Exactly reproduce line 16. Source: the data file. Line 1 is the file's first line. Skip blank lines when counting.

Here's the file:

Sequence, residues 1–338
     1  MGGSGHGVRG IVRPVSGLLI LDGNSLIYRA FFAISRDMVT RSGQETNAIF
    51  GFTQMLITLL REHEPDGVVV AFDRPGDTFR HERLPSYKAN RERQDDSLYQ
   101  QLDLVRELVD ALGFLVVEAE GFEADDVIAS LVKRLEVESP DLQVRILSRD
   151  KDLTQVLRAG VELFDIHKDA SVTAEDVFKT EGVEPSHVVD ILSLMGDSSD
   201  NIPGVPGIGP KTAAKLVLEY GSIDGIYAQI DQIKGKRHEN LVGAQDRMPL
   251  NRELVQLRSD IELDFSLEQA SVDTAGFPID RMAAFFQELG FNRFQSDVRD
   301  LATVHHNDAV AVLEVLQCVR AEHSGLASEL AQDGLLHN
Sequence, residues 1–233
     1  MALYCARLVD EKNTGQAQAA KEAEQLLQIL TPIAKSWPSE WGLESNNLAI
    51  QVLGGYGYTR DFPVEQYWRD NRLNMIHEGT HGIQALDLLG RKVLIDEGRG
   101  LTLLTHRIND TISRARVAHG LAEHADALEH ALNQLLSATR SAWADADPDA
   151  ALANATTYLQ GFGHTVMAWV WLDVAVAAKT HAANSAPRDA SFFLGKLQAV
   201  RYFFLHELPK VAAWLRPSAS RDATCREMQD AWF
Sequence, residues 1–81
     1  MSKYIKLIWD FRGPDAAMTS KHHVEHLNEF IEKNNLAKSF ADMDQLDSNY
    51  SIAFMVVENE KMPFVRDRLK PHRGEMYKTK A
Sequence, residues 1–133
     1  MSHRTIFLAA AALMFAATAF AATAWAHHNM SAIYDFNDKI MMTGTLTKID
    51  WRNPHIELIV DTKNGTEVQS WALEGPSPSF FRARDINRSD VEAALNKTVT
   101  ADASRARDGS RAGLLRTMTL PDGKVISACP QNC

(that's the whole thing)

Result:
     1  MSKYIKLIWD FRGPDAAMTS KHHVEHLNEF IEKNNLAKSF ADMDQLDSNY